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Causality For Someone who Doesn't Get it!

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3 hours ago, Grames said:

This second method is (hopefully) an attempt to use Mill's methods to find a possible general cause, 'general' in the sense that it is a generalization attributing a new characteristic to a concept; it deals with abstractions.  All particular specific events (such as a Jack throwing a ball, which imparts new energy and momemtum to the ball, which subsequently causes a glass window to shatter when the ball's trajectory intersects with the spatial extension of the window) are instances of causality; causality applies to concretes.

1

Go on, we're getting somewhere

causality applies to concretes

means what in this context? As opposed to what?

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2 hours ago, StrictlyLogical said:

My point is that causes are discoverable, and are what they are independent of our method or level of discovery.  Whether we first directly measure, or take statistical samples, or whether we finally simulate or recreate something, in the end (and all along) the cause was not of an inductive or statistical type.  It is only another fact of reality open to our discovery through any and all methods open to us.

2

I will grant you that causes exist, no matter if we discover them or not.

I don't understand "in the end (and all along) the cause was not of an inductive or statistical type".

 

 

 

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7 hours ago, Eiuol said:

Existing is an aspect of a thing's identity

Existing is not an aspect of a thing's identity. By making this claim, you are starting with something  existing (identity) and then you're adding to it an extra feature, 'existing,' to complement its other features.

Existence is not an action, a property or a feature, it is the action, property or feature - and anything else that constitutes the universe. Existence is identity.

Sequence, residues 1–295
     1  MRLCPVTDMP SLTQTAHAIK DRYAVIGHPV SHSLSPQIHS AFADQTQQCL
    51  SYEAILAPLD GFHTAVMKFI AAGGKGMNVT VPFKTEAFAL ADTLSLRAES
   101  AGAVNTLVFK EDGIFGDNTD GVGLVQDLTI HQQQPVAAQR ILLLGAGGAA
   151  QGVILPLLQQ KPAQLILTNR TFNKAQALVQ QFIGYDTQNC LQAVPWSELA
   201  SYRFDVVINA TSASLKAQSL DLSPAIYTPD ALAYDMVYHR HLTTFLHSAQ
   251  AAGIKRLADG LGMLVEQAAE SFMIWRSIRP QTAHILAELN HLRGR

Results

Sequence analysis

When you say that something doesn't exist, you don't mean that something (existing in a state of existential limbo) is not engaged in the action of existing. What you mean is that it actually isn't there.

7 hours ago, Eiuol said:

your reasoning suggests that, metaphysically speaking, existing, acting, and identity are not simultaneous.

Existing, acting and identity are abstractions. They can only be separated by a conceptual mind, as they are simultaneous metaphysically.

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6 hours ago, Easy Truth said:

I will grant you that causes exist, no matter if we discover them or not.

I don't understand "in the end (and all along) the cause was not of an inductive or statistical type".

 

 

 

A cause is not deductive, inductive, or statistical.  Deduction, induction, and statistics are mental tools, not aspects of things nor the causal connections of things.  Our attempt to understand a cause might initially depend upon one or more of these and the evidence of the senses but ultimately the causes simply exist. 

Sorry for nitpicking: my point is that object/referent of the concept/term "cause" is not our method of thinking about or determining causes, which was implied in one of your previous posts, EDIT which I see now was corrected in a subsequent post when you state you are talking about how we determine causes not what they are.

I would also suggest that the particular method by which me might scientifically determine causal connections, when various methods are involved, it is more than likely a historical and technological oddity  which determines this, depending greatly upon which kinds of science and technology (the very small, the very large, chemical, biological, imaging, sensors, laser measurement, etc.) are at our disposal.

There are no fundamental differences between the "kinds" of causes, only how advanced or primitive we happen to be in the science and technology of the realm of each cause.

Edited by StrictlyLogical

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4 hours ago, KyaryPamyu said:

Existing is not an aspect of a thing's identity. By making this claim, you are starting with something  existing (identity) and then you're adding to it an extra feature, 'existing,' to complement its other features.